Best CPUs for Gaming: Holiday 2021
In our series of Best CPU guides, here’s the latest update to our recommended Gaming CPUs list. All numbers in the text are updated to reflect pricing at the time of writing. Numbers in graphs reflect MSRP.
CPU Market Overview, Holiday 2021
The launch of Intel’s 12th Gen Alder Lake processors has shaken up the market in the eternal battle of red vs blue, with seemingly a good number of processors to go around. The main limitations are still graphics cards for gaming, but also those looking for DDR5 are having to scout around as the dreaded ‘supply chain’ has limited how many modules have come to market. Nonetheless, platform costs aside, stock of both AMD’s Ryzen 5000 and Intel’s 12th Gen Alder Lake processors seems to be healthy, and both are aggressively priced.
A short overview of the best sellers updates:
AMD still holds the top 7 spots, with the four Ryzen 5000 processors based on Zen 3 taking four of the first five: the best seller since our last guide this time around is the Ryzen 7 5800X, which is around the $342 as this is being written. All of these parts seem to be sold at or below MSRP, and the range of supported motherboards in the ecosystem is healthy and varied.
The Top 10 looks like this:
Just below our top five are two of the Zen 3 APUs with built in Vega graphics, with AMD able to keep them in supply priced around the same as the non-APUs, exchanging a bit of that L3 cache for integrated graphics. The popular non-Zen 3 parts are also appearing on Amazon’s Top 50, with the Ryzen 5 3600 taking #3, priced well at $220, and even the Ryzen 3 1200 is at #28 for $140.
Intel’s best seller is one of the new Alder Lake entrants, the Core i9-12900K. Despite some of the online reviews preferring the i7-12700K (#13) or the i5-12600K (#31), it seems the Core i9 was the one that was able to keep supply and sell well. The current listed $798 price is well above MSRP, and it’s likely that Amazon is waiting on more stock and this is just the low stock price. The KF variants without integrated graphics, while cheaper in most cases were lower down the order (i9-KF at #23, i7-KF at #32).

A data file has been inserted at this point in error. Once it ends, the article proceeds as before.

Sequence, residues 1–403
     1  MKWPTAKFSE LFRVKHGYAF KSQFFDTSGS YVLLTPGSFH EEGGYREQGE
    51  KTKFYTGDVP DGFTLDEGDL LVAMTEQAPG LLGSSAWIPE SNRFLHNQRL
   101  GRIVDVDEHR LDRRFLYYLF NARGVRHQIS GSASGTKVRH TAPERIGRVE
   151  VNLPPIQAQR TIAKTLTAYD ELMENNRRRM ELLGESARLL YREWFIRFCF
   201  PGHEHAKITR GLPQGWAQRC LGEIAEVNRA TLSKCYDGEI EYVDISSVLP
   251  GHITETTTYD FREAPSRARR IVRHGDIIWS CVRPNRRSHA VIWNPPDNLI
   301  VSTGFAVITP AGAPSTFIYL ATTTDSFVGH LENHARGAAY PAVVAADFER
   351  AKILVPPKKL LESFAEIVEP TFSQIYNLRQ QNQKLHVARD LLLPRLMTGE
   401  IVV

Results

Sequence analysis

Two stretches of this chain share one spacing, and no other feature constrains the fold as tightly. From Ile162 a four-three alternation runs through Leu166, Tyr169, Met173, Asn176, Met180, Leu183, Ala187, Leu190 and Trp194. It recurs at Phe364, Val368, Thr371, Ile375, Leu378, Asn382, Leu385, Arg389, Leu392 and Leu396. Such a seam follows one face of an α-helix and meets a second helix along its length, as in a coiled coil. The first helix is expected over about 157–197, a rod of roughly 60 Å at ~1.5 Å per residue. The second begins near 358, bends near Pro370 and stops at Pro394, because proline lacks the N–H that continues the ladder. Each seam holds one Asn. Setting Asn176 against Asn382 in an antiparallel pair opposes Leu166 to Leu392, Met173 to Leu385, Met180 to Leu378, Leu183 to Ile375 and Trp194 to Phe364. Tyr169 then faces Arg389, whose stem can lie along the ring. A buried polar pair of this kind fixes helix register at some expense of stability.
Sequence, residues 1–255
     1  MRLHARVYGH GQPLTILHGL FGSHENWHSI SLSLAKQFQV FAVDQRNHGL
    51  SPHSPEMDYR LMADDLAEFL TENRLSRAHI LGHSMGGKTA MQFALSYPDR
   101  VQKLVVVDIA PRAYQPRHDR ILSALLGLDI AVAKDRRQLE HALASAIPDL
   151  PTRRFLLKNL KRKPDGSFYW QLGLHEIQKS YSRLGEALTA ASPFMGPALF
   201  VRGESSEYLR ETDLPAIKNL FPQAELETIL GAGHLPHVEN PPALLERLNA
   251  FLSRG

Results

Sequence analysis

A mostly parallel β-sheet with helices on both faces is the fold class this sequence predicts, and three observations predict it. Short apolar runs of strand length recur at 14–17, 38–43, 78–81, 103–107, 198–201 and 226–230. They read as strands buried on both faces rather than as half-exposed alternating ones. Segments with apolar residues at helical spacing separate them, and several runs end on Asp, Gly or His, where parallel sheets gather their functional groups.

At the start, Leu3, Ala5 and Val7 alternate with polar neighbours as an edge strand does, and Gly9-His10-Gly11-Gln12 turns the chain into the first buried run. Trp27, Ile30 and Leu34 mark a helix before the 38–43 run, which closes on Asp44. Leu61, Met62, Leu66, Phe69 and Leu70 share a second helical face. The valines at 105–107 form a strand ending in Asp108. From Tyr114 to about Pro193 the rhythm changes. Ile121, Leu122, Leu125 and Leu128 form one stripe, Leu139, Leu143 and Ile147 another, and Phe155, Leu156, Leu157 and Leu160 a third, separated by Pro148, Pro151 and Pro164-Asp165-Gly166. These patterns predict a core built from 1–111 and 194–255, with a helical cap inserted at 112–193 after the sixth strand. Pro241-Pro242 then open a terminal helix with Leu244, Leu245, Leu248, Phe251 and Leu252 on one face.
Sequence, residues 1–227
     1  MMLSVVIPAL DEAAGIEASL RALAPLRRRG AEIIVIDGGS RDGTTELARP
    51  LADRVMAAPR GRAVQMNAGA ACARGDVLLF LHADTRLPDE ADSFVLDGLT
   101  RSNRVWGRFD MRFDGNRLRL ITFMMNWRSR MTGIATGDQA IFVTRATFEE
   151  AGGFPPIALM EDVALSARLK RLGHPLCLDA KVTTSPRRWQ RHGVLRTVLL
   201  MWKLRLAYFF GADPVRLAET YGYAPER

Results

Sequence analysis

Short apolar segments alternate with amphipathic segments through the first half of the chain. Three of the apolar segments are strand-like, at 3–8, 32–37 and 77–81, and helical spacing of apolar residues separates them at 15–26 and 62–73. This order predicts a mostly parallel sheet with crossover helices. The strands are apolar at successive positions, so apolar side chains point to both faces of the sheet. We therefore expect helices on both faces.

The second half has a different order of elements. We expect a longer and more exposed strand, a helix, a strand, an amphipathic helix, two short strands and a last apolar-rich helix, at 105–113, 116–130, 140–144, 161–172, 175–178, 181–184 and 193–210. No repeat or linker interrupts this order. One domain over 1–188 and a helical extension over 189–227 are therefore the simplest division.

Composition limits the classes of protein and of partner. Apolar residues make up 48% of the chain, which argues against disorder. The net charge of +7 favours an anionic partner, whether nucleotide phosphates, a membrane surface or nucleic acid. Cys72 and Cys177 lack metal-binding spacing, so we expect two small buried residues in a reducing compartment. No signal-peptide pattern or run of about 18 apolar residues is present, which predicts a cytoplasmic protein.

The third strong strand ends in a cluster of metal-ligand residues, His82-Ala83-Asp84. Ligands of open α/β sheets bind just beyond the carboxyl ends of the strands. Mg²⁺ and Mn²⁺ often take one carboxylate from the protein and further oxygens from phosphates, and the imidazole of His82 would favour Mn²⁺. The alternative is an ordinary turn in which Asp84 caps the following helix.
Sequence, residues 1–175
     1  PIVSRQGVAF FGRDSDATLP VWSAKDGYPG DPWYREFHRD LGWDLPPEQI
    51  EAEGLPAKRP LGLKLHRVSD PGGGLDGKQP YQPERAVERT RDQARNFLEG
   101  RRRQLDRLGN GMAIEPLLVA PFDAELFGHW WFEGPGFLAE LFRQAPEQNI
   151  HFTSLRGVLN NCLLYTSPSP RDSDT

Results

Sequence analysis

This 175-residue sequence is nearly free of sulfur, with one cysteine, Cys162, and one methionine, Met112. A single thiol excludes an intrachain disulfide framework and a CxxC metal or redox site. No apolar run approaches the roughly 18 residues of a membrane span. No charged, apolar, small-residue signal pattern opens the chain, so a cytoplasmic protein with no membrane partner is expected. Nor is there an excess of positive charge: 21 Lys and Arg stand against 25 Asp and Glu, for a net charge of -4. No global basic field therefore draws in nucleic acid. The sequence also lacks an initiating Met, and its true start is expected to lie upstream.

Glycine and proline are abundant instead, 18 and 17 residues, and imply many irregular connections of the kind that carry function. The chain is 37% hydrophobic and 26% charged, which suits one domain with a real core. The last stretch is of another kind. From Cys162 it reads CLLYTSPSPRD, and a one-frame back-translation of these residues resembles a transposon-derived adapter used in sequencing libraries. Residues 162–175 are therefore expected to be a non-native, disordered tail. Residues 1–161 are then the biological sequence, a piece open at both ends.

For the rest of Intel’s hardware, we’re seeing the slow demise of 11th Generation Rocket Lake. Despite some big gainers (i5-11600K up 38 places), the 10th Generation hardware has almost double the number of entrants in the list, and even 9th Gen hardware has more CPUs in the top 50. It looks like a number of users are happy to invest in a cheaper Intel ecosystem or upgrade their mid-range 9th generation platforms for something more agreeable, and stay in the LGA115x form factor where Z series motherboards are cheaper and B-series motherboards are around. The 10th generation Comet Lake has four processors in the top 20, even if prices are actually slightly worse month on month. By comparison, 11th Generation hardware is 5-10% cheaper across the board. We might see a small balance shift here as we go through the holiday season.
As for banger deals, it’s going to be interesting to look day-to-day over the next couple of weeks in case someone offers an extra $50 here or there, or bundles in a good cooler. I will say this though – the first generation Threadripper 1900X (8-core) appears back on our list at #36 for $150. That’s higher than most of the Rocket Lake processors. Perhaps the recent news about mining on AMD CPUs is also enticing some older Threadripper action.
Best CPUs for Gaming Holiday 2021
Sometimes choosing a CPU is hard. So we’ve got you covered. In our CPU Guides, we give you our pick of some of the best processors available, supplying data from our reviews.
|AnandTech Gaming CPU Recommendations
(Prices correct at time of writing)
|The Future Proof Smart Money||AMD Ryzen 7 5800X (8C)
Intel Core i5-12600K (6+4C)
|The Smart-Budget Option for Today||AMD Ryzen 5 5600G (6C)||$240|
|Budget-No-Object||Intel Core i9-12900KF||$662|
|For Everything Else||Get a Console|
|On The Horizon||AMD V-Cache
Intel Alchemist (GPU News!)
AMD Zen 4 / Intel Raptor Lake
|To see our Best CPUs for Workstations Guide, follow this link:
The majority of our recommendations aim to hit the performance/price curve just right, with a side nod to power consumption as well.
You can find benchmark results of all of our CPUs tested in our benchmark database:
The Future Proof Smart Money
AMD Ryzen 7 5800X (8-core, $342)
Intel Core i5-12600K (6+4core, $320)
Regardless of the current graphics situation right now, a significant question on all system builders’ minds is if what they buy will last into the future, whether that’s gaming at 1080p or all the way up to 4K with high refresh rates. The best thing about the gaming market is that as you push higher and higher resolutions, the CPU matters less and less, but ultimately it still matters enough to get some minimum performance.